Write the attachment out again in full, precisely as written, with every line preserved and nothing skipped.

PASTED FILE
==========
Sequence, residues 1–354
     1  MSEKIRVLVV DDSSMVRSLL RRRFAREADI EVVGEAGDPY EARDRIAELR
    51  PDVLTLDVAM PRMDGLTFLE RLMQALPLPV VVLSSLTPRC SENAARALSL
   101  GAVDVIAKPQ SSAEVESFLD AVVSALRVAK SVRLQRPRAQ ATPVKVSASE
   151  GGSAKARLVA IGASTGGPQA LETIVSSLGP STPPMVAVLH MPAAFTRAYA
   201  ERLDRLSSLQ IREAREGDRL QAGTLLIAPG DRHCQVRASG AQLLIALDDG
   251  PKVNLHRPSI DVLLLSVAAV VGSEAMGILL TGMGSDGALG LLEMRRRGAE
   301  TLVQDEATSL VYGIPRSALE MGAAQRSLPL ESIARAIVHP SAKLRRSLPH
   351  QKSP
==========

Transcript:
Sequence, residues 1–354
     1  MSEKIRVLVV DDSSMVRSLL RRRFAREADI EVVGEAGDPY EARDRIAELR
    51  PDVLTLDVAM PRMDGLTFLE RLMQALPLPV VVLSSLTPRC SENAARALSL
   101  GAVDVIAKPQ SSAEVESFLD AVVSALRVAK SVRLQRPRAQ ATPVKVSASE
   151  GGSAKARLVA IGASTGGPQA LETIVSSLGP STPPMVAVLH MPAAFTRAYA
   201  ERLDRLSSLQ IREAREGDRL QAGTLLIAPG DRHCQVRASG AQLLIALDDG
   251  PKVNLHRPSI DVLLLSVAAV VGSEAMGILL TGMGSDGALG LLEMRRRGAE
   301  TLVQDEATSL VYGIPRSALE MGAAQRSLPL ESIARAIVHP SAKLRRSLPH
   351  QKSP